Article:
Livro DRI 2006 (Micronutrientes)

Livro DRI 2006 (Micronutrientes)


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as a goal for daily intake by individuals. In the case of energy, an estimated
energy requirement called the Estimated Energy Requirement (EER) is provided.
Recommended Dietary Allowance
The Recommended Dietary Allowance (RDA) is an estimate of the daily average
dietary intake that meets the nutrient needs of nearly all (97\u201398 percent) healthy
members of a particular life stage and gender group. The RDA thus exceeds the
requirements of nearly all members of the group. It can be used as a guide for
daily intake by individuals, and because it falls above the requirements of most
people, intakes below the RDA cannot be assessed as being inadequate. Usual
intake at the RDA should have a low probability of inadequacy.
If an EAR cannot be set due to data limitations, no RDA will be calculated.
For nutrients that have a statistically normal requirement distribution, the RDA
is set by adding two standard deviations (SD) to the EAR. Thus,
RDA = EAR + 2SD
For nutrients with skewed requirement distributions (most notably, iron in
menstruating women) the RDA is set between the 97th and 98th percentile of
the requirement distribution. (See Part I, \u201cApplying the Dietary Reference In-
takes\u201d for more information on calculating RDAs when nutrient requirements
are skewed.)
Adequate Intake
If sufficient or adequate scientific evidence is not available to establish an EAR
and thus an RDA, an AI is usually derived for the nutrient instead. An AI is
Copyright © National Academy of Sciences. All rights reserved.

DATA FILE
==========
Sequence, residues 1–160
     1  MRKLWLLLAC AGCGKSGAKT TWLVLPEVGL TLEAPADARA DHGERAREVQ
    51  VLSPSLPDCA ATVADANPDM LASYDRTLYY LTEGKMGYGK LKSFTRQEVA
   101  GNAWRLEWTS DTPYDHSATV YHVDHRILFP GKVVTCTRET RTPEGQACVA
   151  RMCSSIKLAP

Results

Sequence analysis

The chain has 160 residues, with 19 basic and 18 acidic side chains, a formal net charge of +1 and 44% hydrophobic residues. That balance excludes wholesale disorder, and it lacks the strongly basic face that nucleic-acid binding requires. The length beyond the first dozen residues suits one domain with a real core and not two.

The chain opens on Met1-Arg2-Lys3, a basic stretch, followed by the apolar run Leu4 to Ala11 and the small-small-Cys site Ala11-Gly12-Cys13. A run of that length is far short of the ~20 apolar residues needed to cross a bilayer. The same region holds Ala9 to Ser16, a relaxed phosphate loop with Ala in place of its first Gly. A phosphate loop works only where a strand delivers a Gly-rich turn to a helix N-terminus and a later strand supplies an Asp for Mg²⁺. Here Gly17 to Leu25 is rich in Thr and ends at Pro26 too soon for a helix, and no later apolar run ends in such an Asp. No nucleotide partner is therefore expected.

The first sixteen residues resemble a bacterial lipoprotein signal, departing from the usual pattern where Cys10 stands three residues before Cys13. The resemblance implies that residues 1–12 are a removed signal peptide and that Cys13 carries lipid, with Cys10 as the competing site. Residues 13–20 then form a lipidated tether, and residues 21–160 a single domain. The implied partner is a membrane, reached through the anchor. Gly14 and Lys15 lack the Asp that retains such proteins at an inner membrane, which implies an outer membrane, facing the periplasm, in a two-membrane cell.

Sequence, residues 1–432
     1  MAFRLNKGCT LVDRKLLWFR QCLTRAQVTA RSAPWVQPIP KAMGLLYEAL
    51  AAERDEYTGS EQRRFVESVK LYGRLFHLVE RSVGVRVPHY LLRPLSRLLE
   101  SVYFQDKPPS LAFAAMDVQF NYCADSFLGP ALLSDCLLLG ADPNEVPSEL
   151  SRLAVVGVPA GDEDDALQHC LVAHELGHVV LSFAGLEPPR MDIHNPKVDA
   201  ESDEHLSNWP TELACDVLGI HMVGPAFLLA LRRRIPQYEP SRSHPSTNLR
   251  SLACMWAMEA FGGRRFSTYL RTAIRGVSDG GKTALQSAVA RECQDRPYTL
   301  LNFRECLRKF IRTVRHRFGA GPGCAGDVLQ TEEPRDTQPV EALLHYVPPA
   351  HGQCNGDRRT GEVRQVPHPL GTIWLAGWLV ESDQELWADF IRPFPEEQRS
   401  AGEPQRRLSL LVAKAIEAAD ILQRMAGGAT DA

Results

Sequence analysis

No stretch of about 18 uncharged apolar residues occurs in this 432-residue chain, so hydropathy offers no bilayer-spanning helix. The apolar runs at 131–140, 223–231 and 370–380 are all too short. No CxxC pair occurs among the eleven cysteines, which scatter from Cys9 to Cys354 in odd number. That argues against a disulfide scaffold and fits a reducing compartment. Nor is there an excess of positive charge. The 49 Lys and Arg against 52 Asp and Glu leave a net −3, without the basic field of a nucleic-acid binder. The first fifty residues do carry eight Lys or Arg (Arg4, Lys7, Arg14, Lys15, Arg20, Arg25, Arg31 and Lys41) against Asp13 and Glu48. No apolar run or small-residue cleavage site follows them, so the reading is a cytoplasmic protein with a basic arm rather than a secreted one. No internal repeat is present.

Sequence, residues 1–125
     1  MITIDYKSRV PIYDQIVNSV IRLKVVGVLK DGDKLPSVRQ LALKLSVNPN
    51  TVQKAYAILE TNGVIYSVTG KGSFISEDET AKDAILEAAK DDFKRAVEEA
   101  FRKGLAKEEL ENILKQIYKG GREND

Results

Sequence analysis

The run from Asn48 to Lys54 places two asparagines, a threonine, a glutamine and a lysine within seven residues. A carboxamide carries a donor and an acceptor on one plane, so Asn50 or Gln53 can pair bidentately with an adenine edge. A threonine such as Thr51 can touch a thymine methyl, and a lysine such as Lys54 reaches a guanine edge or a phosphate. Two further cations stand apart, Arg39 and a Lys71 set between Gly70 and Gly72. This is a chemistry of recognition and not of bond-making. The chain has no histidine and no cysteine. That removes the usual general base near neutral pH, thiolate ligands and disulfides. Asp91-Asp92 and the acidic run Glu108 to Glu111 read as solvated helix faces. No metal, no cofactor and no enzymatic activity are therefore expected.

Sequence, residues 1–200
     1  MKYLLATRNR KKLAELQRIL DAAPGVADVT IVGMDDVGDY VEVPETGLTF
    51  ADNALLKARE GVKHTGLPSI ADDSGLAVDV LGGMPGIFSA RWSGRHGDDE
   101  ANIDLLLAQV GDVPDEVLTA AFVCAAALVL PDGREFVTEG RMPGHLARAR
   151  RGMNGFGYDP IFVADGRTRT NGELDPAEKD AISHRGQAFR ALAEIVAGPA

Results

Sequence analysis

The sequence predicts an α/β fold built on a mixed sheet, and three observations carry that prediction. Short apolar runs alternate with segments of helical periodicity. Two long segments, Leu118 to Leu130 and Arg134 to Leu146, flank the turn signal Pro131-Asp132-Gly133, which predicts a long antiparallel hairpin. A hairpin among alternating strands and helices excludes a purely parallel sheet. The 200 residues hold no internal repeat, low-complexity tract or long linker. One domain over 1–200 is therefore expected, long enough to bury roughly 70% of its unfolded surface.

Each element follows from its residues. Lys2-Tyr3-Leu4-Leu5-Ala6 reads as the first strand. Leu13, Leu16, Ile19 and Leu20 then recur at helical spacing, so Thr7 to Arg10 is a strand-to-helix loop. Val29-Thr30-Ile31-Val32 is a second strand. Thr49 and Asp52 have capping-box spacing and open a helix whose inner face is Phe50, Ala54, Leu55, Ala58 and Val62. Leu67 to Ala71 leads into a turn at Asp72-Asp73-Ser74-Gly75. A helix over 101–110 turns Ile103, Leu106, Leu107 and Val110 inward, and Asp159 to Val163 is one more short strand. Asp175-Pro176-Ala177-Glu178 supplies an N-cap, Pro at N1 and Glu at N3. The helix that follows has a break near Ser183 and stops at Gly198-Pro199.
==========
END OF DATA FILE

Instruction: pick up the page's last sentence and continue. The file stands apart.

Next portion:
Dietary Reference Intakes: The Essential Guide to Nutrient Requirements
http://www.nap.edu/catalog/11537.html
PART I: INTRODUCTION TO THE DIETARY REFERENCE INTAKES 11
based on fewer data and incorporates more judgment than is used in establish-
ing an EAR and subsequently the RDA. The setting of an AI usually indicates
that more research is needed to determine, with some degree of confidence, the
mean and distribution of requirements for that specific nutrient.
The AI is a recommended average daily nutrient intake level based on ob-
served or experimentally determined approximations or estimates of nutrient
intake by a group (or groups) of apparently healthy people who are assumed to
be maintaining an adequate nutritional state. Examples of adequate nutritional
states include normal growth, maintenance of normal levels of nutrients in
plasma, and other aspects of nutritional well-being or general health.
The AI is expected to meet or exceed the needs of most individuals in a
specific life stage and gender group. When an RDA is not available for a nutri-
ent (because an EAR could not be developed), the AI can be used as the guide
for an individual\u2019s intake. However, the AI has very limited uses in assessments
of any type.
Tolerable Upper Intake Level
The Tolerable Upper Intake Level (UL) is the highest average daily nutrient
intake level likely to pose no risk of adverse health effects for nearly all people
Acceptable Macronutrient Distribution Ranges (AMDR)
A growing body of evidence indicates that an imbalance in macro-
nutrients (e.g., low or high percent of energy), particularly with certain
fatty acids and relative amounts of fat and carbohydrates, can increase
risk of several chronic diseases. Based on this evidence, Acceptable
Macronutrient Distribution Ranges (AMDRs) have been estimated for in-
dividuals. An AMDR is the range of intakes of an energy source that is
associated with a reduced risk of chronic disease, yet can provide ad-
equate amounts of essential nutrients.
The AMDR is expressed as a percentage of total energy intake. A
key feature of each AMDR is that it has a lower and upper boundary. For
example, the AMDR for carbohydrates ranges from 45 to 65 percent of
total energy intake. Intakes that fall below or above this range increase